Figure 2.

(a) Principal components (PC) analysis of by liquid chromatography–mass spectrometry (LC-MS) metabolite fingerprints of developing potato tubers. Eight different field-grown genotypes (1–8) were analysed at least in duplicate at two harvest times; early, prematurity (circles) and late, once tubers were mature (squares). The centroid value of each set is given by the open symbols (arrowed). This analysis revealed that two distinct groups could readily be identified (circled) as separated on the second PC and reflected the two developmental stages. The first PC represented genotypic differences. (b) The corresponding plot of the analysed mass peaks from which (a) was derived. The most extreme points (mass peaks) in this Fig. could be shown to be the most discriminatory between the two tuber groups; for example, the set of mass peaks enlarged and circled were found to be predominant solely in the immature tubers (see Vorst et al., 2005) and were used as leads to identify putative discriminatory metabolites characteristic of immature tubers.

Data visualization is another underestimated topic which requires extensive attention. It is only when we have effective visualization tools that we shall be able to simplify and more easily comprehend the multidimensional complexity of the growing sets of data that we are generating (Kell, 2002). New concepts are needed and, in this regard, effective visualization of pathways, for example, using fully flexible, readily updateable models will be essential. Various tools have already been developed such as KEGG (Kanehisa et al., 2002), AraCyc (Mueller et al., 2003) and MetNet (Wurtele et al., 2003). Recently, Lange & Ghassemian (2005) described another visual interface, BioPathAtMAPS which enables the integration of biochemical pathway maps with a gene function database BioPathAtDB. Tools such as mapman, developed initially for microarray data (Thimm et al., 2004; Usadel et al., 2005) are proving highly effective for the simple visualization of gene expression data and mapman is already being used with metabolomics datasets. However, as with all such tools, success will remain limited to those metabolites which can be definitively identified in metabolomics outputs and for which the biochemical pathways have already been confirmed (see the Potentials and limitations section below).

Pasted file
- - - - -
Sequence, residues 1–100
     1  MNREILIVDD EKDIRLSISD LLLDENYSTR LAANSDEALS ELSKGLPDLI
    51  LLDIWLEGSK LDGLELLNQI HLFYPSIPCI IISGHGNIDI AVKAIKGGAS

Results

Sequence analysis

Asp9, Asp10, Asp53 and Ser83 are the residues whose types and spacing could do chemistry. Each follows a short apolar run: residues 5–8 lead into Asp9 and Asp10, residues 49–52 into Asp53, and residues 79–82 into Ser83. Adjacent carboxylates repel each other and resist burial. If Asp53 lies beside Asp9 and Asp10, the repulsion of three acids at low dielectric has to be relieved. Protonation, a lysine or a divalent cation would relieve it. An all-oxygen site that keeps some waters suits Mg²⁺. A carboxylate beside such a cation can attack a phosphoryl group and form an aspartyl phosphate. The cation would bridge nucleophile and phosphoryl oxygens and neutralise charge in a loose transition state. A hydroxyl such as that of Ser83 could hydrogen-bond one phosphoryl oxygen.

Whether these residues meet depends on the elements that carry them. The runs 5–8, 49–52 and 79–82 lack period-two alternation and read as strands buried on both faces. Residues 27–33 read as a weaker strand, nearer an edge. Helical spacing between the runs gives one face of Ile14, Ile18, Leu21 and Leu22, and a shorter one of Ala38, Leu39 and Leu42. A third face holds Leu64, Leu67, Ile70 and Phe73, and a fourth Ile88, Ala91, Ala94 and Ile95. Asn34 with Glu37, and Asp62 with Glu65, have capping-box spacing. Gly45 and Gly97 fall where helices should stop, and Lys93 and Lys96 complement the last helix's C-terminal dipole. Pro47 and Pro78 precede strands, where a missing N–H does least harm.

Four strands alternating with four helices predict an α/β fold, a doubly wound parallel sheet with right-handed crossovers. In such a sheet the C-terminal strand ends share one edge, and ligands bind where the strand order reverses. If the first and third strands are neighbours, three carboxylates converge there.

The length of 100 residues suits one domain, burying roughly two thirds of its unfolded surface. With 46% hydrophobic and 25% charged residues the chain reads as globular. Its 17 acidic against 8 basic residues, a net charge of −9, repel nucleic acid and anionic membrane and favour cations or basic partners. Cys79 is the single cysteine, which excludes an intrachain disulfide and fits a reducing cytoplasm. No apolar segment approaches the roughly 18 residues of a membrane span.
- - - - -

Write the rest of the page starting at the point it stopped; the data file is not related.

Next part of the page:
3. Data storage and database building

Key to effective data storage will be the ability to minimize the volume of data to enable rapid multiplex sample comparisons while still retaining all the data needed to describe fully the differences detected. Currently, various approaches are being tested for their effectiveness and attention is also being given to the extent and type of metadata which needs to be stored for current and future reference. While most experiments are usually performed with a specific aim in mind, the metabolomics data generated have a potentially much broader application. This data could be used for future investigations, provided that it is then still possible to access all associated information concerning (e.g. type of material, growing conditions, method of sample preparation/extraction, etc.). A standard Minimum Information About a Microarray Experiment (MIAMI)-type approach is to be recommended and a number of position papers have already appeared from the plant community as an effective starting point for this (Bino et al., 2004; Jenkins et al., 2004, 2005). The metabonomics community is also active and information from the SMRS (Standard Metabolomic Reporting Structures) group has recently been published (Lindon et al., 2005). Despite working with highly contrasting biological systems both communities could benefit greatly from collaborative efforts in this area and moves to this end are already in progress, as was recently illustrated at the First Metabolomics Congress in Japan in June, 2005 and at the National Institutes of Health (NIH)-sponsored metabolomics standards workshop in Washington, August, 2005.